If it is September, then elected officials in Washington must be talking about short-term budget fixes.
In what has become commonplace, Congress will not approve a full budget by the time the fiscal year ends Sept. 30, but lawmakers representing the Upper Midwest are optimistic they will succeed in passing highway funding this fall.
The overall budget to fund the federal government is being discussed, but Republicans who control Congress have not laid out their plans with less than a half a month left before current spending authorization runs out. President Barack Obama has called for a 7 percent budget increase.
If Congress and Obama do not at least pass a short-term budget before Oct. 1, there would be a partial federal government shutdown. Complicating that are plans by some conservatives to oppose any budget extension unless it contains a ban on federal funds going to Planned Parenthood, a stance that followed release of videos indicating the organization provides fetal tissue to medical researchers.
U.S. Rep. Kevin Cramer, R-N.D., said he is confident that the Planned Parenthood debate will not stop budget progress.
“Hopefully, people are going to keep their eye on the long prize … and not get the whole government bogged down in it,” Cramer said.
Then there is a dispute that derailed the budget earlier this summer.
“We were making very good progress this year on the budget until they got into a problem over the Confederate flag,” U.S. Rep. Collin Peterson, D-Minn., said. “So that shut everything down. Now it is unclear what is going to happen.”
A government shutdown is not likely, Peterson said. “I can’t imagine they are going to get themselves into that problem.”
Cramer said he has no doubt a short-term budget, known as a continuing resolution, will pass before Oct. 1. He said that he hopes that within two months the full budget can pass.
Cramer said that although some budget provisions were within seconds of passing this summer before the controversy arose about flying the Confederate flag at federal facilities, he does not see that as holding up the budget again.
Upper Midwest lawmakers say a key bill is funding highway construction.
“I think that will be the bright spot in the fall,” Cramer said.
Three dozen short-term extensions have been approved for transportation over the last few years, but that does not provide state and local officials much ability to plan since they do not know when or if federal funds will flow.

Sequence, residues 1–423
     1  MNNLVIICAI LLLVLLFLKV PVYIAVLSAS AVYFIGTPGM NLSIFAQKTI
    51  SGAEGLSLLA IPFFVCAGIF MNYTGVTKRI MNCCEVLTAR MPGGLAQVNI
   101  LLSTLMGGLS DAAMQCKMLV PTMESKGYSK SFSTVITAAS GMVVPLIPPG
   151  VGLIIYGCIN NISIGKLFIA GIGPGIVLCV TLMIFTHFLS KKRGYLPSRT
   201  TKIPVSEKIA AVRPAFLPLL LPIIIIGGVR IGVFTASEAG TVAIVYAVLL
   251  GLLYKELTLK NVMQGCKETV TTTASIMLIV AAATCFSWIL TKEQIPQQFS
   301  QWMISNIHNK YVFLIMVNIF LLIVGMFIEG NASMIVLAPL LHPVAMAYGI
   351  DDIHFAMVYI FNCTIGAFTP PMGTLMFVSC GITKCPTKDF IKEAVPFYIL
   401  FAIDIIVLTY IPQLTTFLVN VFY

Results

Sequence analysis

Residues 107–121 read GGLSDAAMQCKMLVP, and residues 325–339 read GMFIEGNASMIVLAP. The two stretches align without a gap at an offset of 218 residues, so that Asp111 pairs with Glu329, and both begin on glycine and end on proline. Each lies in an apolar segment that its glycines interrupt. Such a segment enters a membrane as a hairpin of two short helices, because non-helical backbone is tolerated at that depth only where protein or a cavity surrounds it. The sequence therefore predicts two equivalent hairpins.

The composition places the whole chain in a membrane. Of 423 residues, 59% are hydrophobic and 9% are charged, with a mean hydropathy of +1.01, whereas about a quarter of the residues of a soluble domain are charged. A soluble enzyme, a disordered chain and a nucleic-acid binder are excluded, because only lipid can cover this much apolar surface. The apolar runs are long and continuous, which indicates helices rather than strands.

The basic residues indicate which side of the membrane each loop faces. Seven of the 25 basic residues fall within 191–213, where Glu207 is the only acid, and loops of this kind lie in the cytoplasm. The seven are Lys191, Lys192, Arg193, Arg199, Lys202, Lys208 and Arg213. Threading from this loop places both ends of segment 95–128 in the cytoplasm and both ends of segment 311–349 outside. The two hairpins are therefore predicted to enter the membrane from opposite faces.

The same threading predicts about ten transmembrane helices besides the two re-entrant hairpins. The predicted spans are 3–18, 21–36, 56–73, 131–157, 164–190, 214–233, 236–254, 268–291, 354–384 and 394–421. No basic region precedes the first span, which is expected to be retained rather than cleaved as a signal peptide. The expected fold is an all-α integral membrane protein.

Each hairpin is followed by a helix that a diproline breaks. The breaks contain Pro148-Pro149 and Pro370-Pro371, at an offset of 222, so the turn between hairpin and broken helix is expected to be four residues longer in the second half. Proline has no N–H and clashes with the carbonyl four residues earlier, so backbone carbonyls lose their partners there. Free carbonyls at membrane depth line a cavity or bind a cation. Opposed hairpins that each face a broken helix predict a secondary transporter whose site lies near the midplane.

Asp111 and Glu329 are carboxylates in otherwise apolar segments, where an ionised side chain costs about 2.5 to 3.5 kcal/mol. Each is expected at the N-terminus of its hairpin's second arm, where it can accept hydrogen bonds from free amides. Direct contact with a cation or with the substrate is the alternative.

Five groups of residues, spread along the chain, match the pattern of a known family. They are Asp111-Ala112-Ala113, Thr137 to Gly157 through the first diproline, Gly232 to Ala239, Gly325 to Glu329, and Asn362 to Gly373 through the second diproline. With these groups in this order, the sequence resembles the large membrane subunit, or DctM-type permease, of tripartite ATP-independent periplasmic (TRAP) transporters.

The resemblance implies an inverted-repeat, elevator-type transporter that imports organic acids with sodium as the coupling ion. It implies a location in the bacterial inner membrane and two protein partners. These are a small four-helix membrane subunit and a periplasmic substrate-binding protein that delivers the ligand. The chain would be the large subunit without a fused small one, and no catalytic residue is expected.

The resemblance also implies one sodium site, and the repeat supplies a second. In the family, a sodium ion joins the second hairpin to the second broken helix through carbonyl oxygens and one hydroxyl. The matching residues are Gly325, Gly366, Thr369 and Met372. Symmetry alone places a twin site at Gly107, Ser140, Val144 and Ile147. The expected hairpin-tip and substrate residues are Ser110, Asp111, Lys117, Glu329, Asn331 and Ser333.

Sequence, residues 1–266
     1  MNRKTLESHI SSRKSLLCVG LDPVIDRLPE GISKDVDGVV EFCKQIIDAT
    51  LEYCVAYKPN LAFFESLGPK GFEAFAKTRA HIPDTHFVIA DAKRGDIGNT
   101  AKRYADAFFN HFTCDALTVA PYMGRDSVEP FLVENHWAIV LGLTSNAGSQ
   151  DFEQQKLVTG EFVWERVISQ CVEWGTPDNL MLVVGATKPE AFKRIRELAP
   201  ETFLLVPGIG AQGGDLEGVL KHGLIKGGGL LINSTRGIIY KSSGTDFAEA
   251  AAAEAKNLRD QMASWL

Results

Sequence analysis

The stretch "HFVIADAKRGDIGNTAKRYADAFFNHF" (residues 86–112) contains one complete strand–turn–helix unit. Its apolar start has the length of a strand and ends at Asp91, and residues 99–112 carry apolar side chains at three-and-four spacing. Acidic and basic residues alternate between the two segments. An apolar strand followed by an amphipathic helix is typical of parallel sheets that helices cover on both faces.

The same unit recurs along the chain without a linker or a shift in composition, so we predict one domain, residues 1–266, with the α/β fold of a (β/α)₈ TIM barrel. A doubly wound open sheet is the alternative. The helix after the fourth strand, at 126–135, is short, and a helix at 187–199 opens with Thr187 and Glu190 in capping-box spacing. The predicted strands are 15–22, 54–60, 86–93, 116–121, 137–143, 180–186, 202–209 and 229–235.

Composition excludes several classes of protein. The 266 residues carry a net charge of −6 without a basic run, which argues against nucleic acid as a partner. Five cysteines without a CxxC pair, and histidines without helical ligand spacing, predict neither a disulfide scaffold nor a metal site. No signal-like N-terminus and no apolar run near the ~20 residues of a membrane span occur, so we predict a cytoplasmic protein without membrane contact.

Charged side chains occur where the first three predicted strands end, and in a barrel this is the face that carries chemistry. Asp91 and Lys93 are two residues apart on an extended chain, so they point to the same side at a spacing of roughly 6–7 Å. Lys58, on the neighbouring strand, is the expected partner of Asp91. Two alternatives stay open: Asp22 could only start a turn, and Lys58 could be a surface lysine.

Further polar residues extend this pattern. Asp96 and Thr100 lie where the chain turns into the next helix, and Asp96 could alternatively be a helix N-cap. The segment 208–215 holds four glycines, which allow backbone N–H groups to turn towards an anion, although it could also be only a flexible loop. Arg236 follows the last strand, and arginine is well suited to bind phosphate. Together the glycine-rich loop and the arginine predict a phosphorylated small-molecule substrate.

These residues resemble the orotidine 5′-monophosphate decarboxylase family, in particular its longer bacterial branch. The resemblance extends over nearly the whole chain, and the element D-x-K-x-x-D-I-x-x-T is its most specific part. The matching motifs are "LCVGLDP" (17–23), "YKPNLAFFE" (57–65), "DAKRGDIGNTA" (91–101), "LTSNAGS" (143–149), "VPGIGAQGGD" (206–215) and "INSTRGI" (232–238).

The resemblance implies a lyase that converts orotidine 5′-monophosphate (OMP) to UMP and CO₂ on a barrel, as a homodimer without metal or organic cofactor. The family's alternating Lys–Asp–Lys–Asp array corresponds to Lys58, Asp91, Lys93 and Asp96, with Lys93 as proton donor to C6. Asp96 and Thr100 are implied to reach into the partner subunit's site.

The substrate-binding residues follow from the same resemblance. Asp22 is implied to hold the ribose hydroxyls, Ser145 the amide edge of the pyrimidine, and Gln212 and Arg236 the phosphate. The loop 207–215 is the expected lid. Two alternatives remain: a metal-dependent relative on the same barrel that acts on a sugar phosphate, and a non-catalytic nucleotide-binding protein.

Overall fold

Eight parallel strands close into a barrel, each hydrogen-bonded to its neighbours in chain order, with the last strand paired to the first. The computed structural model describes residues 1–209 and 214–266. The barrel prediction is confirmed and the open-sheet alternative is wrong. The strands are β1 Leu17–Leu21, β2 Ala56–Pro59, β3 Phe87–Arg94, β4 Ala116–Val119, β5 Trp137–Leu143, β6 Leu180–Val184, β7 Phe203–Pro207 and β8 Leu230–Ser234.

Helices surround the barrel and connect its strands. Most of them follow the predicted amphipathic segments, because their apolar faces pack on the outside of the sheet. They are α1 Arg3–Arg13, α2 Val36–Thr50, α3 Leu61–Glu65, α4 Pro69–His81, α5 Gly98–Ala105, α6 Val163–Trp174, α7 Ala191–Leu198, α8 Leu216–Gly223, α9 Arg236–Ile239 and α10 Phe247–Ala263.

“All you have to do is drive on the roads in my district to know we are not keeping up,” Peterson said.
It is a good time to fund highway work, Cramer said, because “at a time when oil prices are way down, there is a window right now where infrastructure (projects) costs a lot less than they did a year ago.”
The Senate passed its version of the transportation measure, but it stalled in the House.
While Republicans have struggled to find a highway funding source, Cramer said he expects money for five or six years to be included.
“There still is a huge amount of bipartisan support for infrastructure issues, but the funding source is the issue we are dealing with,” U.S. Sen. Tammy Baldwin, D-Wis., said.
Transportation funding is a major concern for Wisconsin farmers and manufacturers, she said, because they need to move goods to market as well as receive raw materials.
Like her colleagues in Minnesota and North Dakota, rail safety is a prime Baldwin concern.
The Federal Railway Administration recently urged railroads to be more open about reporting the condition of bridges and other infrastructure, Baldwin said. She wants to pass a provision in the transportation bill requiring more openness on such issues.
Part of requiring railroads to be more open, Baldwin added, is to make sure public safety officials know what types of material is passing through their communities.
U.S. Sen. John Thune of South Dakota, a Senate Republican leader, promised to fulfill a 2014 GOP campaign promise “to get Washington working again.”
In a recent response to a presidential radio address, Thune said things have improved.
“One thing we were determined to do this year was pass a balanced budget,” Thune said. “It’s hard to believe, but the last time the House and Senate passed a joint balanced budget resolution, Facebook hadn’t been created yet.”
U.S. Rep. Kristi Noem, R-S.D., pointed out that this year has been busy, with the House passing 190 bills so far, compared to a 125 average.
“The legislative process these bills have undergone has been more open, too,” Noem said. “Every perspective has had the opportunity to be debated.”